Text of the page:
White supremacist propaganda and other racist messages flooded college and university campuses in the months following the election of Donald Trump. In the first comprehensive review of hate speech at higher education institutions since the 2016 election, BuzzFeed News has confirmed 154 total incidents at more than 120 campuses across the country. More than a third of the incidents cited Trump’s name or slogans; more than two-thirds promoted white supremacist groups or ideology.
The spree of hate speech, the majority of which came in the form of graffiti or flyers, reflected an emboldening of young people who subscribe to racist beliefs that no longer seem so taboo during the first year of the Trump presidency — and an extension of the racist bullying that occurred among even younger students in elementary, middle, and high schools. As college students began the fall semester, many found themselves at the frontline of the battle over free speech at institutions that pride themselves on fostering open dialogue and debate.
This battle reached a new level of intensity in August when hundreds of white supremacists converged on the college town of Charlottesville, Virginia, to protest the city’s decision to remove a statue of the Confederate Gen. Robert E. Lee, holding torches around the monument while chanting, “You will not replace us,” “Jews will not replace us,” and the Nazi slogan “Blood and soil.” The demonstration escalated into a bloody brawl with counterprotesters, which ended in tragedy when one white supremacist drove a car through a crowd, killing a 32-year-old woman and injuring dozens more.
To some University of Virginia students in Charlottesville, the explosion of violence just before the start of the semester was a horrifying crescendo to the increasingly vocal expressions of hatred since the fall of 2016. School officials had been sensitive to the possibility that the election — and the emotions around it — could cause problems: Three campus police officers were put on paid leave for yelling “Make America Great Again!” through the speakers of their patrol vehicles on the day after Trump’s victory. But that incident paled in comparison to the menacing messages that hit the campus that school year. Two weeks before the election, somebody painted the Star of David and the word “Juden” on an apartment building that housed students. A few days before the election, two Muslim students discovered that “terrorist” had been scrawled on their dorm room door, and three days after the election, a gay student found “kill yourself, faggot” written on his. Shortly after the election, a student working in the campus library received a call from a man spewing misogynistic comments, including calling her a “cunt,” and claiming that Trump’s victory had given him the right to do so.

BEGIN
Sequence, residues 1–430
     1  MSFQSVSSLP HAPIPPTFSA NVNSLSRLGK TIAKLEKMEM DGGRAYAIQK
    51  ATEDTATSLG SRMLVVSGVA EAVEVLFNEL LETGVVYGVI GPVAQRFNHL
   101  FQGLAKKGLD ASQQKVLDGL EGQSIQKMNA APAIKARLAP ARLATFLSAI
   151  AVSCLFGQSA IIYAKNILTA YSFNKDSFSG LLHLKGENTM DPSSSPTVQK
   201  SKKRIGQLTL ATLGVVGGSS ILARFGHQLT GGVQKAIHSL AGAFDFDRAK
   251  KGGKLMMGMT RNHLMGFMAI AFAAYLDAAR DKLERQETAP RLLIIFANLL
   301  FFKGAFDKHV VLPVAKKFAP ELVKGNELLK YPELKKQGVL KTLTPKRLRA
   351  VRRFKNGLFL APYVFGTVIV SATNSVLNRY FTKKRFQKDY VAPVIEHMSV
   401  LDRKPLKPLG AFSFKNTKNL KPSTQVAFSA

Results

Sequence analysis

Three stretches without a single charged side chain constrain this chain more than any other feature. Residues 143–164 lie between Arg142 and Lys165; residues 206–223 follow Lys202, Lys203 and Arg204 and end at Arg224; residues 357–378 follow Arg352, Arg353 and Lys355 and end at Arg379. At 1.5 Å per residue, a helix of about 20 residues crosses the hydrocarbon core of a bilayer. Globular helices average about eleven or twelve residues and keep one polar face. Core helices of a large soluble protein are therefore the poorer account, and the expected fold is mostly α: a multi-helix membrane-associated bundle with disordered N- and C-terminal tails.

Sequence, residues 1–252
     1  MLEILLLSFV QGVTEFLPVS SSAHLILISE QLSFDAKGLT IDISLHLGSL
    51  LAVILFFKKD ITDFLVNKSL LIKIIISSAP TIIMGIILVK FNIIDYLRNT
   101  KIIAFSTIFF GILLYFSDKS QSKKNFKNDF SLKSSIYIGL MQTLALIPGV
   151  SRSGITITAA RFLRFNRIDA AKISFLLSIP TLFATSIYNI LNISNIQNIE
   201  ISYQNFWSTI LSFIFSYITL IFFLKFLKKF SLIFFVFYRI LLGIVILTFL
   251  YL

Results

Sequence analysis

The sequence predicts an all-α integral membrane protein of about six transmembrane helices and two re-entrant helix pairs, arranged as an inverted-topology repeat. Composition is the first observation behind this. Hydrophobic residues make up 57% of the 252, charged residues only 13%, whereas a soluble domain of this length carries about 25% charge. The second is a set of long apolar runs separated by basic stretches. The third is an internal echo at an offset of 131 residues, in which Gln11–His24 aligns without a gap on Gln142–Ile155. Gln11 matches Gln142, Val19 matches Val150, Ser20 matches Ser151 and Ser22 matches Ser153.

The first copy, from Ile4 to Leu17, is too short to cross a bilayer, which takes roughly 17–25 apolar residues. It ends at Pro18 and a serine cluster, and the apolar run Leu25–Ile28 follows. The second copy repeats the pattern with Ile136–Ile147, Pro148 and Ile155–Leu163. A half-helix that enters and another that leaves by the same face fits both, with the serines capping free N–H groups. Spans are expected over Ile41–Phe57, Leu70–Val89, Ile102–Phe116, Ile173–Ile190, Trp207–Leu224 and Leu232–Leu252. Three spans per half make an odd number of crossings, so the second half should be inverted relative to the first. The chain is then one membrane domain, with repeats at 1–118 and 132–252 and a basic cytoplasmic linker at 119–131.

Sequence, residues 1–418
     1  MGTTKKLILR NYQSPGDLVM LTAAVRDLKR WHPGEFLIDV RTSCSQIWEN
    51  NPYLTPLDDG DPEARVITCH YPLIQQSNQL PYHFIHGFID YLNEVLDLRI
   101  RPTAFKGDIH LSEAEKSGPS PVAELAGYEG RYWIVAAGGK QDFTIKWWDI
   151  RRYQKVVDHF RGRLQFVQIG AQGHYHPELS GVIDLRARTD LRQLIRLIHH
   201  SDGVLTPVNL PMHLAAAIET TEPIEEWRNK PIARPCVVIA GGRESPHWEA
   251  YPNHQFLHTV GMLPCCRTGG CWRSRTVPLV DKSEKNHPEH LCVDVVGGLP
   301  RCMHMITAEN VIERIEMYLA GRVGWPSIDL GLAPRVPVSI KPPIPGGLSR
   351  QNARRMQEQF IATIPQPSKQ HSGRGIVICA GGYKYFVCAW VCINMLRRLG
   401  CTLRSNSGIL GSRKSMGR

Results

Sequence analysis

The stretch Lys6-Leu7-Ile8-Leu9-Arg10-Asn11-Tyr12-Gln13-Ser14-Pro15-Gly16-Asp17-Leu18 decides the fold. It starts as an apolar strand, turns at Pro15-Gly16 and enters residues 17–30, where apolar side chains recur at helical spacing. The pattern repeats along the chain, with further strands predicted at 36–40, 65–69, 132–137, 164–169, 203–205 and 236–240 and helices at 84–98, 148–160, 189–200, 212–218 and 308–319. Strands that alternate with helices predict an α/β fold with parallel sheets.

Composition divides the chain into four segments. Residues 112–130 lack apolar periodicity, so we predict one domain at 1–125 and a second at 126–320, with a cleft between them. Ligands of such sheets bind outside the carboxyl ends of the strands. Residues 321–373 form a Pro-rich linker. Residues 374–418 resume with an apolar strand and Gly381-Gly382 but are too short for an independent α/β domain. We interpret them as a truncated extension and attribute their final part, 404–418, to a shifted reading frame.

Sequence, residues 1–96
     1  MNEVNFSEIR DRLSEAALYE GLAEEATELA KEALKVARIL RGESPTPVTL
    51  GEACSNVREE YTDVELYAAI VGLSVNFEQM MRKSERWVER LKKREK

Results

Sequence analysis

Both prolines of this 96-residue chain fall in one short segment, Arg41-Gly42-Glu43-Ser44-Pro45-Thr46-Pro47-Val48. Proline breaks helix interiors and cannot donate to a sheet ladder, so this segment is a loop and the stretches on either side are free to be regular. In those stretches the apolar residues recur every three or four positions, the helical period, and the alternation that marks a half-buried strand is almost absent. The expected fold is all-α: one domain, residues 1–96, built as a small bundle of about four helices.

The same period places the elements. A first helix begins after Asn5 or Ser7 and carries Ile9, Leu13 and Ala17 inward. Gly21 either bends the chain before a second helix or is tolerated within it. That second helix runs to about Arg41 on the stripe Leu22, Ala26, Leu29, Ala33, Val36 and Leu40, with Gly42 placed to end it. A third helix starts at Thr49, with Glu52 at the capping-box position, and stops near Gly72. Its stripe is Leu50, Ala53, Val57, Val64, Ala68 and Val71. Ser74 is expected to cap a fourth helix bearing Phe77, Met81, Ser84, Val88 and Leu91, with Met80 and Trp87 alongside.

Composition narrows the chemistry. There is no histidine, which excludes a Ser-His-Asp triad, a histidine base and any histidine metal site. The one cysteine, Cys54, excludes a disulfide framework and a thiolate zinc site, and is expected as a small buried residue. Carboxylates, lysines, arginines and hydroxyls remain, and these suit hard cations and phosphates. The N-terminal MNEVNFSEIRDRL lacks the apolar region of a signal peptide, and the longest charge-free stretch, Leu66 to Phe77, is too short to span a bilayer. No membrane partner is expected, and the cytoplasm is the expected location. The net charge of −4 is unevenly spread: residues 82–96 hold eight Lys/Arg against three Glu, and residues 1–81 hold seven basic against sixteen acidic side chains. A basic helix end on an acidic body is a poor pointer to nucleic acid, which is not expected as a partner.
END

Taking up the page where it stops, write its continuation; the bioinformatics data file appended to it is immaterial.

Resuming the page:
“It’s scary,” said University of Virginia student Ian Ware, one of the students whose door was vandalized. “It was kind of a whirlwind time at UVA. Shit was going down every five minutes.”
The school founded by Thomas Jefferson was one of many to experience a shock of hate speech over the past year. BuzzFeed News reviewed hundreds of reports submitted to the Documenting Hate project, a database of tips about hate crimes and bias incidents set up by ProPublica and shared with other news organizations. Of the more than 400 alleged incidents, BuzzFeed News was able to follow up on 154 through interviews, public statements, police reports, and local news stories. Seemingly every sort of campus was struck, from Ivy League universities to community colleges, big state schools to small liberal arts institutions.
“It kind of shocked me,” Jack Levin, a professor at Northeastern University in Boston who has studied hate crimes, said of the wave of bias incidents at institutions of higher learning after the election. “There’s something new here. Emboldened hatemongers now feel that this is perfectly fine. What is happening on college campuses didn’t start there but is a product of the hate that is increasing all over.”
At Iowa State University less than a week after the inauguration, business cards were left in the campus library stating: “America was 90% white in 1950. It is now 60%. MAKE AMERICA GREAT AGAIN. Trump is the first step, we’re next!” At the University of Arizona two weeks after the election, somebody posted flyers along a bike path reading, “I want you to speak english or get the fuck out.” At Lindenwood University, near St. Louis, a Latina student returned to her dorm to find that her roommate had built a makeshift wall between their beds, alongside a note that read, “Trump won so here is a little preview of what’s to come.”
White supremacist groups, such as Identity Evropa and American Vanguard, posted recruitment flyers at more than two dozen schools. Posters at the University of Wisconsin–Madison urged students to “fight anti-white racism on campus” and at the University of Texas complained about “anti-white propaganda in college.”